Salts: global trade and mining

Salts are mined to meet the need of humans, and these needs are many. Phosphates, for example, are needed by present day intensive farming for fertiliser for quality crops and animal feeds which contain minerals ‘essential’ for the development of healthy animals. 

Limestones and mudstones are common phosphate-bearing rocks. Phosphate rich sedimentary rocks can occur in dark brown to black beds, ranging from centimeter-sized laminae to beds that are several meters thick.

We have mined minerals over hundreds of years, but the resources are running low, and that presents a problem for future industrial scale farming.

Industrial models search for new trading partners, new customers, diversification of products and a relentless year on year growth expectation. This model has been shaped since trade began expanding for the various empires which have existed, beginning with the largest which was initiated by the Mongolian Khan, Ghengis.

Image of Ghengis Khan

 (See my early blog

Human interaction with the planet to exploit its generous abundance began in a humble way and grew to the present day ‘profit first, planet second’ attitude as we take out more than can be replenished. 

We are running short of, what we humans have identified, as ‘essential’ minerals to aid our future existence. We are now considering plundering other planets within our universe, or trying to harness passing meteorites to explore their mineral content.

The food industry is said to be so huge in response to world populations. There are fewer farmers but billions of machines now doing the work, all part of a massive industrial complex. A human can work sympathetically with Nature, but machines are not employed to be used in such a way.

An example of the present day reasoning by investors to continue to guarantee their choice of mining for such minerals as phosphates is outlined here, an enlightening read:

The land degradation caused by mining, and in this case, for phosphates, on this planet is symbolically demonstrated on Nauru, in the Pacific, located in Oceania, near Australia. This island was formerly known as Pleasant Island.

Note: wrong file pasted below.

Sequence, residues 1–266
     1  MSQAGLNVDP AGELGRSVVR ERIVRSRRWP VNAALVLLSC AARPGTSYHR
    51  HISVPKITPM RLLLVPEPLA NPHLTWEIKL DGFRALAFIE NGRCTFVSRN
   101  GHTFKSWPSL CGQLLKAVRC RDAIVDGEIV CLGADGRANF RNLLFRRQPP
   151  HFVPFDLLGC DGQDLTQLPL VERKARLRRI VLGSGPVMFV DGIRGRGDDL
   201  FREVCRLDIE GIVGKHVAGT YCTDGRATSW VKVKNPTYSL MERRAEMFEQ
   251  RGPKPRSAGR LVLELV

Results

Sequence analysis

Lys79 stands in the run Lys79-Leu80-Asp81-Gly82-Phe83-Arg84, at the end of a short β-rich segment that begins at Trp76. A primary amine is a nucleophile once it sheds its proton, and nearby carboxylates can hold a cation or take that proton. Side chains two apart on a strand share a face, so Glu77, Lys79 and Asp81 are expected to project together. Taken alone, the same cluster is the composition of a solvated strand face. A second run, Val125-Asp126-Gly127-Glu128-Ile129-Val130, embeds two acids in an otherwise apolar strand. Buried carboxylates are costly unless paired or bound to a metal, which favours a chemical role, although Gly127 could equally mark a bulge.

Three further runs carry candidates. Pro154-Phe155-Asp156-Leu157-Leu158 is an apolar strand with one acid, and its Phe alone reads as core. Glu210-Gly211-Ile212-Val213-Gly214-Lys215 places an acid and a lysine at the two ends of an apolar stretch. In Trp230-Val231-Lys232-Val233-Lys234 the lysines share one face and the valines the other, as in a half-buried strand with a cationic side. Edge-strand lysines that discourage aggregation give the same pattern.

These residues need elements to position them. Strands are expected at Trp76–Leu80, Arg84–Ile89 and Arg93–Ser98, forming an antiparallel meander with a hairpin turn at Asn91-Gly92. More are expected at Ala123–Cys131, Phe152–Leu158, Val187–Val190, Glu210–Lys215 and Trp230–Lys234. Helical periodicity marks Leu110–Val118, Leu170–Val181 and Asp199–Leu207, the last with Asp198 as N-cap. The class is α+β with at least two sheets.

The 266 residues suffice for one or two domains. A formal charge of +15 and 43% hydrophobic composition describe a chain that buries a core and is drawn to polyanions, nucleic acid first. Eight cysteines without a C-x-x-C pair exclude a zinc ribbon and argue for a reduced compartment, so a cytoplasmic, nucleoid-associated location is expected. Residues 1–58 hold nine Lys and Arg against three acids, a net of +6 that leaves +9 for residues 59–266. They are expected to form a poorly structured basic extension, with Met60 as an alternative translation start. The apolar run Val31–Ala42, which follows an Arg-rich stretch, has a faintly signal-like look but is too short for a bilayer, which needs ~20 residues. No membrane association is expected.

I have written about the Pacific Islands in various previous blogs and I have highlighted the threatening sea level rises which they face in the near future. But before this was a known problem, the beauty of Pleasant Island, now Republic of Nauru, was to be destroyed by phosphate mining.

Nauru was one of three great phosphate rock islands in the Pacific Ocean. The others were Banaba (Ocean Island) in Kiribati and Makatea in French Polynesia. 

Phosphate mining in the central plateau has left a barren terrain of jagged limestone pinnacles up to 15 m (49 ft) high. Mining has stripped and devastated about 80% of Nauru’s land area, and has also affected the surrounding Exclusive Economic Zone; 40% of marine life is estimated to have been killed by silt and phosphate runoff.

The mining began in 1906 and never stopped. Even today, though it was thought all phosphate was mined out, a second layer beneath the first has been found and even that is being dug out. The island is an ugly mass of mining trenches. This relentless attack on this small island,  scarring and robbing it of its previous beauty and sustainability, is symbolic of what we humans are doing to the entire planet.

There is a gallery of pictures of Nauru with its indigenous inhabitants living there before the mining became extensive at

Here one of the pictures depicts the children and missionary teachers who arrived earlier to convert the population to Christianty and teaching English.

Below, the images as a result of mining on the tiny island:

Paradise lost image:

Trucks and mining activity image:

And the sadness and travesties continue on this speck in the Pacific Ocean. I’ve put a link to a 2016 Guardian article below to illustrate how humans continue to increase harm upon one another, and on Nauru, a helpless resident population wanting only to remain on their island. Industry justifies continuing their plunder to supply all of us with ‘essentials’. Then read how cynically governments/corporates utilise so called ‘reparation funds’, meant to make life more bearable on this island, yet use the funds to build ‘correction facilities’ for stranded refugees who had been bound from their lands of misery in the futile hope of a new life in Australia.

About borderslynn

Retired, living in the Scottish Borders after living most of my life in cities in England. I can now indulge my interest in all aspects of living close to nature in a wild landscape. I live on what was once the Iapetus Ocean which took millions of years to travel from the Southern Hemisphere to here in the Northern Hemisphere. That set me thinking and questioning and seeking answers. In 1998 I co-wrote Millennium Countdown (US)/ A Business Guide to the Year 2000 (UK) see
This entry was posted in anthropocene and tagged , , , , , , , , , . Bookmark the permalink.

Leave a Reply

Please log in using one of these methods to post your comment: Logo

You are commenting using your account. Log Out /  Change )

Facebook photo

You are commenting using your Facebook account. Log Out /  Change )

Connecting to %s

This site uses Akismet to reduce spam. Learn how your comment data is processed.